By Sue Curry Jones
In this issue of the Herald we are running an article by the Missouri Departments of Conservation about the quail population across the state, and along with the article is a chart that delineates areas where quail numbers are higher in population.
For me, it is sad that our local countryside, once plentiful with coveys of quail, now has a diminished population and hunting quail in this area isn’t the sport it once was.
In our family, especially during my younger years, quail hunting season was a given –– as I recall, it was the unrelenting focus of many in my family, including Dad, Uncle Howard, cousin Ronnie, nephew Jeremy, and others. It was a big deal.
It didn’t seem to matter how blistery cold it was outside, or if snow or rain prevailed…..hunting quail was a certainty, and the winter sport by choice.
But, the sport was every bit as important as the preparation, and the pre-planning received a lot of attention as well, with focus on gear, warm clothes, who had the best dog, and where the hunt would take place –– the day took special planning.
As a young girl, the fun part for me was when my Dad came home with a vest full of birds to be cleaned. No matter how many birds he brought home, the ritual was always the same.
Before personally cleaning up or eating dinner, Dad would grab several folds of newspaper, a few utensils, a pan of water, and take a seated position on the bottom step of the basement staircase. There he would spread out the newspaper, and start the task of cleaning the birds.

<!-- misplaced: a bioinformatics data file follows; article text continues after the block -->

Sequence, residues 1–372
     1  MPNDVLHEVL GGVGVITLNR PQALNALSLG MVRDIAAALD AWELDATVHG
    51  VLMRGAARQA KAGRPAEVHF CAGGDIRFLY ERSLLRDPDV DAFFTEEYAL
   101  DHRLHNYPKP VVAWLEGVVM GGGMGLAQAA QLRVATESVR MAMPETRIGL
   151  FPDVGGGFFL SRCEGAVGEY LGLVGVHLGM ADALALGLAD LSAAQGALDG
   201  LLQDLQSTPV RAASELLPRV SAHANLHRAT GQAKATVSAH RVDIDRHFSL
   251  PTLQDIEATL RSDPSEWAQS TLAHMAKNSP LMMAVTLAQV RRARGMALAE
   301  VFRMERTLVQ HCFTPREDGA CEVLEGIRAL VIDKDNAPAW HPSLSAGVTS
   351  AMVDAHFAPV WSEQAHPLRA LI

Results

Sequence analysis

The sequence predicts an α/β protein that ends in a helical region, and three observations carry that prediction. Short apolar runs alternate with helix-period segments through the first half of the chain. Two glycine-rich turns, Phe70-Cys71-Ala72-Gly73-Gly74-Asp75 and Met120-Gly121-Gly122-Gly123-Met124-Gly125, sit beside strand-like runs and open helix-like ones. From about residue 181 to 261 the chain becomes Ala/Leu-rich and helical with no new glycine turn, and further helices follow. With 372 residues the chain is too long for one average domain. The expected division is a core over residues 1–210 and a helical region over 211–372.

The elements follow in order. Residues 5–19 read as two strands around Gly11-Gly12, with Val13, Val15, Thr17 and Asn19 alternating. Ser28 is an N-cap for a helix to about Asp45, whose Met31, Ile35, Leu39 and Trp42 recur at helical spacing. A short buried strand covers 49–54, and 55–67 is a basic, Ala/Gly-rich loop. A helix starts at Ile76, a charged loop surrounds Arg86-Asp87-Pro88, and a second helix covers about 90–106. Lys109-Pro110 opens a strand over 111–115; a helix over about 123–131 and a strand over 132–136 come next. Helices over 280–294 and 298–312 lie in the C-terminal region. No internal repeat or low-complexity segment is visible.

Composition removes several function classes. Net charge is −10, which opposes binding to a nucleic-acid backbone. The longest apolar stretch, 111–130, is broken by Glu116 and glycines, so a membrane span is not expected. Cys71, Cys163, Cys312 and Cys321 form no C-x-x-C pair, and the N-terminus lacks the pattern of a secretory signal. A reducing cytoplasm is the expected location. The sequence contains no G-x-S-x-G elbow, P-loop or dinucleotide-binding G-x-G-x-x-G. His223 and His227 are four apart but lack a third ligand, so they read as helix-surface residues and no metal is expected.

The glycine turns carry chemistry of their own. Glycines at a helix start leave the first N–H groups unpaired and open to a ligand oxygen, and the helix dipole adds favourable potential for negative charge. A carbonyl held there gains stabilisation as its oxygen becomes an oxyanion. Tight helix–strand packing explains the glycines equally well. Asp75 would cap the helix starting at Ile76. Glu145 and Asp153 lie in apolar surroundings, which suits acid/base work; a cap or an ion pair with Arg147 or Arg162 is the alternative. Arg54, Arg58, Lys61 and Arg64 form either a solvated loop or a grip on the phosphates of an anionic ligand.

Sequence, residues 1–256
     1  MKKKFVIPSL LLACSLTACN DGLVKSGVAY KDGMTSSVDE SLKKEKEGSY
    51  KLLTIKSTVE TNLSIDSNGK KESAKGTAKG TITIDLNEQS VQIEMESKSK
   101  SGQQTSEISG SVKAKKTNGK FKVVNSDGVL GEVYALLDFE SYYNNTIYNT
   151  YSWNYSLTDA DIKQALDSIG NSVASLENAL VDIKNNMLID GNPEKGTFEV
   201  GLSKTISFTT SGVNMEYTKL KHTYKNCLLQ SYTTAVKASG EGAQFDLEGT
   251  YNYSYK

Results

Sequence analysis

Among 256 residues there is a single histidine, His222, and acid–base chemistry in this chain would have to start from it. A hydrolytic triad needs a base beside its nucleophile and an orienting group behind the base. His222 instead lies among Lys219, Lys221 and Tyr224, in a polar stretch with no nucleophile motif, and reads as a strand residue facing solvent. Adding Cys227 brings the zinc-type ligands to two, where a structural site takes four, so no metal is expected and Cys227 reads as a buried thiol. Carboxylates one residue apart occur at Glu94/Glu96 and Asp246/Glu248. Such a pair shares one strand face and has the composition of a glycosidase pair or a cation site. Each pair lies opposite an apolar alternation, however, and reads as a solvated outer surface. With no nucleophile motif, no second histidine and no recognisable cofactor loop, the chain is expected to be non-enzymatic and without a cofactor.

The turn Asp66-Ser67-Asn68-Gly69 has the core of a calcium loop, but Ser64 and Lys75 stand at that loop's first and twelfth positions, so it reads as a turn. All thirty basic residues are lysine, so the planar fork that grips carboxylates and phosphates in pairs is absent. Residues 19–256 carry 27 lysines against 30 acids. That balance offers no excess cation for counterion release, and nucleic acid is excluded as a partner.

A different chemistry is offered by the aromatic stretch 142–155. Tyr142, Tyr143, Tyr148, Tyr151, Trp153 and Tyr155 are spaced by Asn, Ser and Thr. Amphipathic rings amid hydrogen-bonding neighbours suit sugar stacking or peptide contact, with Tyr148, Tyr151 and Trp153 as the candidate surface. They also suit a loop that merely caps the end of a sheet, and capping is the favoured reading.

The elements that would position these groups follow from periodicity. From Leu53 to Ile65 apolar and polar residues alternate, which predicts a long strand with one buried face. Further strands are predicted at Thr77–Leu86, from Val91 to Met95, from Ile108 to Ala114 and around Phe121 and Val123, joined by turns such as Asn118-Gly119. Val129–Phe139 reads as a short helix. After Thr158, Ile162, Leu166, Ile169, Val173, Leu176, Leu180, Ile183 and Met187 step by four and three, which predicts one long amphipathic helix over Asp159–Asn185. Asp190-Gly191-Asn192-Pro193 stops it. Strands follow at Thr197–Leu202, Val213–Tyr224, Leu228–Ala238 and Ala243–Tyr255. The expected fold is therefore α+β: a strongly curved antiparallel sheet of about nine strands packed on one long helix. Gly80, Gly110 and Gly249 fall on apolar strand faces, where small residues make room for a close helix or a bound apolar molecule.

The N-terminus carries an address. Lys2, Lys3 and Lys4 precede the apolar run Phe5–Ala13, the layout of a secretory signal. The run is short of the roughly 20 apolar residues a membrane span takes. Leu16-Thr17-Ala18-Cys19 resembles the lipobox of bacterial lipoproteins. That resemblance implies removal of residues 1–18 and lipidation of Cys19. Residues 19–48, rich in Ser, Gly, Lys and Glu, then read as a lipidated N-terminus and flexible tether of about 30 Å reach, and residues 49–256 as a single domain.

And, as always, I took my position on the floor at his feet, to watch the process.
At first, the task of cleaning birds was likely fascinating to me, especially as a youth, but over time, our 15 or 20 minutes at the bottom of the basement steps became something very special.
As he was cleaning birds, Daddy would talk about the hunt, a special shot, a funny incident, or how well the dog worked to find and retrieve a bird. Or, the bird never found. And with every word and every story, his face expressed contentment and peace. He had enjoyed the day, and it showed on his face.
I will always remember the smile and sense of satisfaction he had after quail hunting.
In my later years, I only hunted with my Dad a few times, but I will always remember walking through the field with him witnessing his love for nature, the experience and expertise he shared, and how Jack, his Pointer hunting dog, would work the field. The last time we hunted together, I was in college at Drury, and it was the early 70s. And, even though we didn’t flush many birds that day, it was still a great time. A wonderful memory for me.
In years since, while living in South Carolina, I made it a goal to take my son Michael hunting, and we started the adventure when he was in middle school. Except we didn’t go quail hunting, we went dove hunting. The most notable hunt we made together was in a peach tree field near Chesney, the dove were plentiful and continued flying over our position in intervals. Michael and I called it a ‘dove frenzy.’ It is fun when you have that many birds to chose from. We easily snagged our limits and it was a memorable day for both of us. We still reminisce about it today, sometimes taking opposite sides about who made the best shot, or which one of us took home the most birds.
Making special memories with our children, family and loved ones is important, and many trips or occasions spawn those wonderful memories that are always special and dear.
But in looking back, it becomes apparent that sometimes the really outstanding moments in life don’t always occur during a well-planned vacation –– many times it may be the commonplace daily life events that create our most precious moments.
Those wonderful memories we embrace for a lifetime.